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Audit of Witness Protection Program finds gaps in tracking suspected terrorists

A Justice Department audit report faults the federal government for gaps in tracking people with terrorism connections who were added to the Witness Protection Program.

Originally designed to protect people who testified against organized crime figures by giving  them new names and addresses, the program was expanded to cover witnesses who testify in terrorism trials. Some were purely witnesses. Some, however, were in the federal terrorism database as suspected terrorists themselves.


As recently as a few years ago, the report says, people in the program who had terrorism connections, but were given a new identities, could have flown on a commercial flight because only their old names were on the government’s “no-fly” list.  The report says it found "some" witness protection program participants who actually did fly.  The Inspector General says while government officials knew about their plans to travel and approved, "these individuals, on their own accord, could have flown" without approval.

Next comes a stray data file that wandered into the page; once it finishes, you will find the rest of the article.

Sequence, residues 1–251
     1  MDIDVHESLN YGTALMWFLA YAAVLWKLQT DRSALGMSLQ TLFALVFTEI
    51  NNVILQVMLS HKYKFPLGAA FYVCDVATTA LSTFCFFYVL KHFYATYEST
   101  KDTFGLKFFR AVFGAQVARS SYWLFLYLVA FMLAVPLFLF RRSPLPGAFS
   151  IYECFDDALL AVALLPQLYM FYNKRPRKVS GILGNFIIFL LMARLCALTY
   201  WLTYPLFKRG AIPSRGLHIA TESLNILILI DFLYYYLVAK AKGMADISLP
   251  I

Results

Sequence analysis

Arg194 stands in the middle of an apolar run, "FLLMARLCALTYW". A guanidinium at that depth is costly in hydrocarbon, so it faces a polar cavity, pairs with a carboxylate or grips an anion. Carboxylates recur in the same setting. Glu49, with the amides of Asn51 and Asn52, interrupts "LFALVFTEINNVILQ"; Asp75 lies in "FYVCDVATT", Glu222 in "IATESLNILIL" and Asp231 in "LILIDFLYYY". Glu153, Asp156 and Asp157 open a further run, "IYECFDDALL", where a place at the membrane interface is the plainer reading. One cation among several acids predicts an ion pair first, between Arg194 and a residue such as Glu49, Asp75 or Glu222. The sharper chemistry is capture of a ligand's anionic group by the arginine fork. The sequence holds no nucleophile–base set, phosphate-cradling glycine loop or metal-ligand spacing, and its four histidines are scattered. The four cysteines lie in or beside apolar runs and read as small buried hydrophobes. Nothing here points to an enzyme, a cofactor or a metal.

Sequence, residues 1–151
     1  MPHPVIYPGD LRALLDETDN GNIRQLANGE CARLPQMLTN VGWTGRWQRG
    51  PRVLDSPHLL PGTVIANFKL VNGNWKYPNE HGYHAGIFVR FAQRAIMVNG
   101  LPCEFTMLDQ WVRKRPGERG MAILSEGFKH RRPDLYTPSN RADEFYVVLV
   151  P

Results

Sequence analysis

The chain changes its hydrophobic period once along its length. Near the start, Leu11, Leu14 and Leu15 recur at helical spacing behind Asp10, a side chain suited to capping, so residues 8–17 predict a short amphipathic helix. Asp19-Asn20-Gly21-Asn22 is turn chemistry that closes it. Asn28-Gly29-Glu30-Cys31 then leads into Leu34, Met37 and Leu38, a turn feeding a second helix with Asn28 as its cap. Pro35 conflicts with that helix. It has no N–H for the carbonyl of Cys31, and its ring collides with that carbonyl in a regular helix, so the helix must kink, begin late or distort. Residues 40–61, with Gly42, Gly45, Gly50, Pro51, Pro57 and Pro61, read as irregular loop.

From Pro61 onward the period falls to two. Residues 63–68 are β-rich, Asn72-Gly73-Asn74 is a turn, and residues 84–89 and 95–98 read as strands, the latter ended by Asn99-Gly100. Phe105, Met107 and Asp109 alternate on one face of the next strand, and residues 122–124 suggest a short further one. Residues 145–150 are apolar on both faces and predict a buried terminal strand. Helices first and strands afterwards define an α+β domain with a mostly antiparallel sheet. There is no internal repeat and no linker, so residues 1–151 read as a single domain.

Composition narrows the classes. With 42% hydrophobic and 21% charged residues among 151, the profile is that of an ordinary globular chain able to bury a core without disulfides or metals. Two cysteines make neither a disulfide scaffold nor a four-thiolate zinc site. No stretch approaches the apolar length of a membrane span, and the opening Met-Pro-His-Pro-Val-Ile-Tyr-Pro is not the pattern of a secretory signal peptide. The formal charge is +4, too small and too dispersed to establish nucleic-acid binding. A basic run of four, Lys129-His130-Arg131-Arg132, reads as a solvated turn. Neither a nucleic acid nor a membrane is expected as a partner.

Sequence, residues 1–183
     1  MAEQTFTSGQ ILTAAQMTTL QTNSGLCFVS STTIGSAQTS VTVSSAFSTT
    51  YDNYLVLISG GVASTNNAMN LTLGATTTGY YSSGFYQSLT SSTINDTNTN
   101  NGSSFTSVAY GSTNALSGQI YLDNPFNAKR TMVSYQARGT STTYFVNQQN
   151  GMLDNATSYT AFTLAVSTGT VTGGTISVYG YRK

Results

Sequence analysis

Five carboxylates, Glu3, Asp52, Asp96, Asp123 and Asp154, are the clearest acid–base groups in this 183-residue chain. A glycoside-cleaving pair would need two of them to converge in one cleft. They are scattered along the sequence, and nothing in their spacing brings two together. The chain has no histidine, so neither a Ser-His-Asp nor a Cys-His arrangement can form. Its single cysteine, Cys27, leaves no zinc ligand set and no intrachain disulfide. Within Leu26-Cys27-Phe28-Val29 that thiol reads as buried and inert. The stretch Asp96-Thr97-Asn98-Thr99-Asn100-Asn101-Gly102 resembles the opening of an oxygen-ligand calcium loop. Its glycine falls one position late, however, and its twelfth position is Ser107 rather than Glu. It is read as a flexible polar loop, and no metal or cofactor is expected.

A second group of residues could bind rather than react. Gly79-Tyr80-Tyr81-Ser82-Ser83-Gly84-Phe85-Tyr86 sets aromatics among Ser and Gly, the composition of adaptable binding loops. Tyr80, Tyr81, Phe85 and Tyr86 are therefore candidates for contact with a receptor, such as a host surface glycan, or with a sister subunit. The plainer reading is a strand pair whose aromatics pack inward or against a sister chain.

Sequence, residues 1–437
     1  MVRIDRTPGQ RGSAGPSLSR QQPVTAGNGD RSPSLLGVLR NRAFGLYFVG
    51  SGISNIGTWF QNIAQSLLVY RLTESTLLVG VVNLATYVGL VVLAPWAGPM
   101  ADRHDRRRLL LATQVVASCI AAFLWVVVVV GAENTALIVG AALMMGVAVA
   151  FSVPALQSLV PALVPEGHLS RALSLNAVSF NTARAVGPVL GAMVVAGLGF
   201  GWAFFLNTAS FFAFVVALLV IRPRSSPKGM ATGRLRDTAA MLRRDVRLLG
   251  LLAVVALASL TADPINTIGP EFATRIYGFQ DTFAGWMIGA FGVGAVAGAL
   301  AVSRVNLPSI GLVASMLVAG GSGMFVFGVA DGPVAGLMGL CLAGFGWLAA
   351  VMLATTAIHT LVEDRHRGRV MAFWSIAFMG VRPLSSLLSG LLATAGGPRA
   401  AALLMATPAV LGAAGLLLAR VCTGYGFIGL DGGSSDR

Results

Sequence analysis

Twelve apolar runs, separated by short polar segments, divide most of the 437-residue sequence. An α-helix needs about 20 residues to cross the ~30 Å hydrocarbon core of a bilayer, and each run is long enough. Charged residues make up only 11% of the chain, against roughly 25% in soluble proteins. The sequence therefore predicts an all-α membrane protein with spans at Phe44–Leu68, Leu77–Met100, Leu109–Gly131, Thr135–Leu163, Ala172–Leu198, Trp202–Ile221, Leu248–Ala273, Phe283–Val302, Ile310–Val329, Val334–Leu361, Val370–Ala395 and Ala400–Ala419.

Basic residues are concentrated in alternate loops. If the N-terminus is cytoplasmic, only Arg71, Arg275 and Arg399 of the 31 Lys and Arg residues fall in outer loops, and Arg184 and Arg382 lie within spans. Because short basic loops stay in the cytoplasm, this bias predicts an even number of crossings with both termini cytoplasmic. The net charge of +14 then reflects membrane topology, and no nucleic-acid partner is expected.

Justice Department officials say that problem has now been fixed by disclosing the new identities to government agencies that maintain terrorism databases and by banning all participants in the witnesses protection program who are on the no-fly list from traveling on commercial flights.

The report also says that in July 2012, the U.S. Marshals Service was unable to locate two former participants in the witness protection program who'd been identified as suspected terrorists.  But government officials say two had left the program, and the United States, "years ago," after fulfilling their obligations to testify or serve prison time.

There are currently  no participants in the witnesses protection program who are unaccounted for, the officials said.

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